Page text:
Farmer comment April 11

Published 11 April 14

With wet conditions still causing problems for many, some of our Forage for Knowledge farmer contributors tell us about how the start of the grazing season has treated them.

“We’ve had a pretty good start to the season, and so much earlier than last year,” says John Owen, who farms in Carmarthenshire. “Ground conditions are very wet; we had 60mm of rain between Thursday and Sunday last week.  We have damaged some paddock which we will have to rectify in the future.

“The second round of grazing started here yesterday (April 10), and we had to skip a couple of paddocks in the first round as we saw the grass just getting away from us. We’ll either shut them up for silage, or we might have to go back in if conditions change and growth rates slow down.

Jim Baird, who farms in Lanarkshire, has been facing a frustrating problem brought about by the wet conditions

“Although we had grass growths of nearly 50 Kg DM/ha last week, we’ve just not been able to get out to graze, because the ground is just so tender.  We can’t get the cows out because of the damage they’d do to the pasture. We’ve also not been able to get out with slurry or fertiliser, and I can see the grass getting away from us and the window for spreading closing.

“The higher temperatures are there, and as the days are getting longer, the grass growth is racing ahead. It’s very frustrating that we can’t get out and graze the grass. I think it’s just going to be one of those years were we graze less and cut more silage. We’re going to have to be flexible in our approach.”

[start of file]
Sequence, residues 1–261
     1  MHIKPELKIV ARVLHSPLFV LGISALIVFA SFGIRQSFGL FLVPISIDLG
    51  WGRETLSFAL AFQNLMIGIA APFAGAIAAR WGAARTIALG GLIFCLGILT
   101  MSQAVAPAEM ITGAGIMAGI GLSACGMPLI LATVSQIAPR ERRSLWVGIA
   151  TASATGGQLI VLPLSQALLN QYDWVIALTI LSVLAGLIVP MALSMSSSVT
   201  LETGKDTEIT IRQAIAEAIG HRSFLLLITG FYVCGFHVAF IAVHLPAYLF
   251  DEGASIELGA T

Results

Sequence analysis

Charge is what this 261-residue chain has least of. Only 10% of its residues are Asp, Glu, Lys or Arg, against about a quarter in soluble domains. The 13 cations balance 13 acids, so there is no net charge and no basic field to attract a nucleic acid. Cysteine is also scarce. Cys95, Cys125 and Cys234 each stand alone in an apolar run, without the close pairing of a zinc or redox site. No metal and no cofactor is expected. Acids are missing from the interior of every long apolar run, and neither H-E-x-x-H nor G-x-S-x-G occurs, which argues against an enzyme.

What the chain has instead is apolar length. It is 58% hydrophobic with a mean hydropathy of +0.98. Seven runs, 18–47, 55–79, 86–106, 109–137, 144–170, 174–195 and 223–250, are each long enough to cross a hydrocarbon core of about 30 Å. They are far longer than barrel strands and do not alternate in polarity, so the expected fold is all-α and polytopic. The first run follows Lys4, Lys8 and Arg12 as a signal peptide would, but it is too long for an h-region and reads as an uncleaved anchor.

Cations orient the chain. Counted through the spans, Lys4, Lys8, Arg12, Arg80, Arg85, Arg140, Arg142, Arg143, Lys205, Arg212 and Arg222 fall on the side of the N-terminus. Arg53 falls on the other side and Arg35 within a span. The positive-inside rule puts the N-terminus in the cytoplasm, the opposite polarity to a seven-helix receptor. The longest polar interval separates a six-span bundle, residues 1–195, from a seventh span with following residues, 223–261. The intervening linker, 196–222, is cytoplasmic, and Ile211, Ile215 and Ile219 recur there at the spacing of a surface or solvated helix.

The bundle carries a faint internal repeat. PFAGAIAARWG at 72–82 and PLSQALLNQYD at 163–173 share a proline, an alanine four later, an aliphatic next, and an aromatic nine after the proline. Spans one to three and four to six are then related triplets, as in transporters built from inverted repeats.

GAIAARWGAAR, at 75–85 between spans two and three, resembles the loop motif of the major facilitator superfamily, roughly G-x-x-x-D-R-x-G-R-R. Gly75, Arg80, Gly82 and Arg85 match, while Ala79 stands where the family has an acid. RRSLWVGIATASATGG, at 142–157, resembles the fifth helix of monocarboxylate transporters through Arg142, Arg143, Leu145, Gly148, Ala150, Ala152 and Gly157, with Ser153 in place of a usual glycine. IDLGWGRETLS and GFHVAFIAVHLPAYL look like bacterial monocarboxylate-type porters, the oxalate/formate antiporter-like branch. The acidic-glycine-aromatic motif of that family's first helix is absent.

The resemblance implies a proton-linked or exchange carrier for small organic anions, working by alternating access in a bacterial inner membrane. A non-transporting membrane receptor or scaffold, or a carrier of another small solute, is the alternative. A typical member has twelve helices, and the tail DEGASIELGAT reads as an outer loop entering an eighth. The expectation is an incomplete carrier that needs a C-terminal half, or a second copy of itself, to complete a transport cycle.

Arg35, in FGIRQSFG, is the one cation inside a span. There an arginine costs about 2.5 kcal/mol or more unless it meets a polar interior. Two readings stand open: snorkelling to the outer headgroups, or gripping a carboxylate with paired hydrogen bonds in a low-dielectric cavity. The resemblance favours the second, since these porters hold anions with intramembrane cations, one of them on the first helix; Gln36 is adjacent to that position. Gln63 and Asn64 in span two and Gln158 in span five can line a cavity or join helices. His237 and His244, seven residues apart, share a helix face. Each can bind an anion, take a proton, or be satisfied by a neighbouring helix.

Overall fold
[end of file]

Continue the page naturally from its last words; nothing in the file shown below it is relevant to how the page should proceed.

It’s been an interesting spring for Nick Haines, who only moved to the farm in Shropshire in October, when he entered into a share milking agreement. He’s getting to know how both the fields and the cows perform in wet conditions

“With the wet weather it’s been quite a challenge to get the grazing residuals down,” says Nick. “I’ve had to pick where we go, and leave some areas for later. Not knowing the land that well yet means it’s been a bit of a steep learning curve, finding out how different paddocks perform in these wet conditions.

“We’re not very highly stocked so there’s not been a lot of concentrate in the cow’s diet. The majority of the spring milk has come from grass, silage and not a lot more. While the cows out-wintered well, I’ve certainly stripped a bit of conditions off them this spring. I’d say the majority of the cows here are what I’d call a Danish x Holstein, rather than the more New Zealand type that maybe would have done better in these conditions.

“We started the second round of grazing last Tuesday. Grass growth was 40 Kg/DM/ha last week but the last couple of days have seen rates rise dramatically. I don’t think the cows have performed quite as well as they could have this spring, and we’re going to have the same predicament in this second round. We are under stocked, and will have the grass to feed the cows, but with the milk price as it is, the temptation is there to add a bit of concentrate!”